Sweden’s foreign minister has said that his government was trying to change the law to prevent future attacks on the Holy Quran, describing them as “despicable”.
Tobias Billstrom spoke by phone with his Algerian counterpart Ahmed Attaf, according to Algeria’s Ministry of Foreign Affairs.
During their conversation, Billstrom pointed to constitutional restrictions that limit the ability of his government to prevent such behaviour while expressing deep regret over such actions.
“We are working to ensure that the disrespect towards the Quran is not repeated,” he said.
Billstrom also briefed Attaf on an initiative taken by the Swedish Ministry of Justice to evaluate the possibility of adopting a law on maintaining public order to address such unacceptable behaviour.
In January, Rasmus Paludan, a far-right Danish leader, burned a copy of the Holy Quran in front of the Turkish Embassy in Stockholm. The incident sparked outrage and condemnation across the Islamic world.
Following these incidents, anti-Sweden protests took place in several cities in Lebanon. Sweden’s ambassador to the country, Ann Dismorr, reportedly left the country for a planned vacation.
UNGA adopts resolution condemning attacks against religious symbols, holy books
Separately, the UN General Assembly on Tuesday adopted, by consensus, a Moroccan resolution, co-sponsored by Pakistan, calling for countering hate speech and strongly deploring attacks against places of worship, religious symbols and holy books.
The resolution, entitled: ‘Promoting interreligious and intercultural dialogue and tolerance in countering hate speech’, won the approval of the 193-member assembly amid growing acts of the Holy Quran’s desecration.
Diplomats said that Pakistan led the efforts, along with Malaysia and Egypt, to work toward the resolution of the language aimed at upholding the sanctity of religious sites, symbols and holy books.
“Strongly deploring all acts of violence against persons on the basis of their religion or belief, as well as any such acts directed against their religious symbols, holy books, homes, businesses, properties, schools, cultural centres or places of worship, as well as all attacks on and in religious places, sites and shrines in violation of international law,” the resolution reads.
Spain submitted an amendment asking for the last words of that paragraph “in violation of international law” to be deleted.
Speaking on behalf of the European Union, the Spanish delegate emphasised that although such actions were deeply offensive and disrespectful, they did not constitute a violation of international law, and thus proposed the elimination of the reference to “in violation of international law”.
But the amendment to change the phrasing was defeated. It secured only 44 votes in favour, with 62 voting against. There were 24 abstentions.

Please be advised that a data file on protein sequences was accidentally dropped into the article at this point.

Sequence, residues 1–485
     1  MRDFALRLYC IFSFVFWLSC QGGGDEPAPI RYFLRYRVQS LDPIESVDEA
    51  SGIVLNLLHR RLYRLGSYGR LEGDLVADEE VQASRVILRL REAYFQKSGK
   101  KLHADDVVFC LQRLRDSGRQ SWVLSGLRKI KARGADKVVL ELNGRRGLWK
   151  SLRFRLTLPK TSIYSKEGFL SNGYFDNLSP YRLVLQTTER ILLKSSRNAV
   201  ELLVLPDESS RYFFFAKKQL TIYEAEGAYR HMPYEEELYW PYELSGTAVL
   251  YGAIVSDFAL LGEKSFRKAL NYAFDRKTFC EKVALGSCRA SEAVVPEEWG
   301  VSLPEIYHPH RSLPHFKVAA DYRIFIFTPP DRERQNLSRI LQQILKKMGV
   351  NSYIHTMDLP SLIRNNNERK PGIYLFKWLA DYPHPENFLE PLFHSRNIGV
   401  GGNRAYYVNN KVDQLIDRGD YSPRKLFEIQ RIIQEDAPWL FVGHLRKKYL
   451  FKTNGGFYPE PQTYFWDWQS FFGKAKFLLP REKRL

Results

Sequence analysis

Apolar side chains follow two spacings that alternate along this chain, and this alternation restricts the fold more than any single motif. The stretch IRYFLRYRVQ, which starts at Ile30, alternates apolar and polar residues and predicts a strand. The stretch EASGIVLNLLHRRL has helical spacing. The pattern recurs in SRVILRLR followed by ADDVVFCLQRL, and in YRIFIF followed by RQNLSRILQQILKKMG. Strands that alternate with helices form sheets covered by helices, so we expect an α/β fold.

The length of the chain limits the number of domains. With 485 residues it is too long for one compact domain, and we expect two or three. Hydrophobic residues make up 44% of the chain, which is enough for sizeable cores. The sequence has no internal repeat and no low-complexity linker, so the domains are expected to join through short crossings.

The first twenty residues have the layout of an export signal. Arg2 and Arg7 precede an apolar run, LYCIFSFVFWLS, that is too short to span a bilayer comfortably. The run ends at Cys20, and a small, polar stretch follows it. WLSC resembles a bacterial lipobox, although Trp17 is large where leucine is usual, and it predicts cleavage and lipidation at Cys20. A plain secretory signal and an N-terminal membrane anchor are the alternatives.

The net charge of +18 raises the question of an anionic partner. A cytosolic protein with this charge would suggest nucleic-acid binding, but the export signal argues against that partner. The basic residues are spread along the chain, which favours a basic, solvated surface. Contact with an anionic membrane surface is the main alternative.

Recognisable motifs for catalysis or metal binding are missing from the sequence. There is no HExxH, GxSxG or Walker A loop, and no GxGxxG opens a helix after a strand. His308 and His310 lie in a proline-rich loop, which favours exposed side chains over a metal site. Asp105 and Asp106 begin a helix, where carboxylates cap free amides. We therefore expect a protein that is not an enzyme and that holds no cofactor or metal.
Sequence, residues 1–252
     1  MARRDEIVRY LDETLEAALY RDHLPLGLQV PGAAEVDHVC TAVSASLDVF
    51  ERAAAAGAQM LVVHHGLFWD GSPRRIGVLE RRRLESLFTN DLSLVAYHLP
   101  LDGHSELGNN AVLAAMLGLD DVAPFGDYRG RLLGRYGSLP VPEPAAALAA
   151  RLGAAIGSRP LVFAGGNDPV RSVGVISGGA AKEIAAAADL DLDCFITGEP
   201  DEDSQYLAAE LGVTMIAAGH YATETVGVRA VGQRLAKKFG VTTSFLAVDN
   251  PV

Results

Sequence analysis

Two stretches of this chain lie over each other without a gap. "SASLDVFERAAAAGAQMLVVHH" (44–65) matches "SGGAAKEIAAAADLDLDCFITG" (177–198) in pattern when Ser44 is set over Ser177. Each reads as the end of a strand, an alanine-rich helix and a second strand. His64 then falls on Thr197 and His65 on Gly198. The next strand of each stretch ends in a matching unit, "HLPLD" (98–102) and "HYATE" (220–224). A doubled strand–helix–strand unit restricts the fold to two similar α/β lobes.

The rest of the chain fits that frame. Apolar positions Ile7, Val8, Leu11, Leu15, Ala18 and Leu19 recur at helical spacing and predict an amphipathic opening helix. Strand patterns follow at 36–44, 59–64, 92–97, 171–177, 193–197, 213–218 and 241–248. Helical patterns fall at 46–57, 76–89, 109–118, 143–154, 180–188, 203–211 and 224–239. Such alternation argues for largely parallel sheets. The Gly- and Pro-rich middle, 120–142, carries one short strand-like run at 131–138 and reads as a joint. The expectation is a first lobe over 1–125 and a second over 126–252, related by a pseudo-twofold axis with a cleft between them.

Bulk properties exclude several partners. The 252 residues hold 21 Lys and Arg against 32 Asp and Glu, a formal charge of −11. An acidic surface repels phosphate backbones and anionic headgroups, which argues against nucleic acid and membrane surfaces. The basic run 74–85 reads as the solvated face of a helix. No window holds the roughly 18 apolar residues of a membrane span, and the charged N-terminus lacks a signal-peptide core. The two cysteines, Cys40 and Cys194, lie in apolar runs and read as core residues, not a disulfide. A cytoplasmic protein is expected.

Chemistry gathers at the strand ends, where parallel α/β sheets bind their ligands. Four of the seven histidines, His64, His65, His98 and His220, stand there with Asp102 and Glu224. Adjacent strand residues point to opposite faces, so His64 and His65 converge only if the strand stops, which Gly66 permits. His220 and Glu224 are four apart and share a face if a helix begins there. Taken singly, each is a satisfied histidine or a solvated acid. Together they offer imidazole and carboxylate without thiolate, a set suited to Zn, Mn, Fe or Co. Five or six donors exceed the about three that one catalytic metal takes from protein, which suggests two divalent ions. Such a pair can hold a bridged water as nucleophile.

Under the terms of the resolution, the General Assembly urged member states to engage with all relevant stakeholders to promote interreligious and intercultural dialogue and respect and acceptance of differences, among other things, to reject the spread of hate speech which constitutes incitement to discrimination, hostility and violence.
It further called on member states and social media companies to counter hate speech and address its increasing spread, enable research into measures to reduce it and promote users’ access to effective reporting channels.
The assembly also voiced deep concern over the rise in instances of discrimination, intolerance and violence, regardless of the actors, including cases motivated by Islamophobia, on a proposal put forward by Pakistan, and backed by Egypt, Jordan and Saudi Arabia, according to the diplomats.
Pakistan’s delegate, Bilal Chaudhry, expressing his “profound satisfaction” over the adoption of the resolution, said the text resonated with the resolution on religious hatred, presented by Pakistan on behalf of the Organisation of Islamic Cooperation, recently adopted at the Human Rights Council in Geneva.
That landmark resolution condemned “all advocacy and manifestations of religious hatred, including recent public and premeditated acts that have desecrated the Quran” and called for countries to adopt laws enabling them to bring to justice those responsible for such acts, he pointed out.
“Islamophobia is on the rise, with the repeated incidents of desecration of the Holy Quran. These acts are not just a provocation to the feelings of more than two billion Muslims in the world, but a step to sabotage interfaith harmony and peace,” Chaudhry said.
“Such incidents are also a manifestation of racial hatred and xenophobia, and absence of preventive legal deterrence, inaction, and shying away from speaking out encourages further incitement to hatred and violence,” he added.
Finally, he said that the text did not seek to curtail the right to free speech, “but tries to underline the ‘special duties and responsibilities’ of the international community to safeguard interfaith peace and harmony.”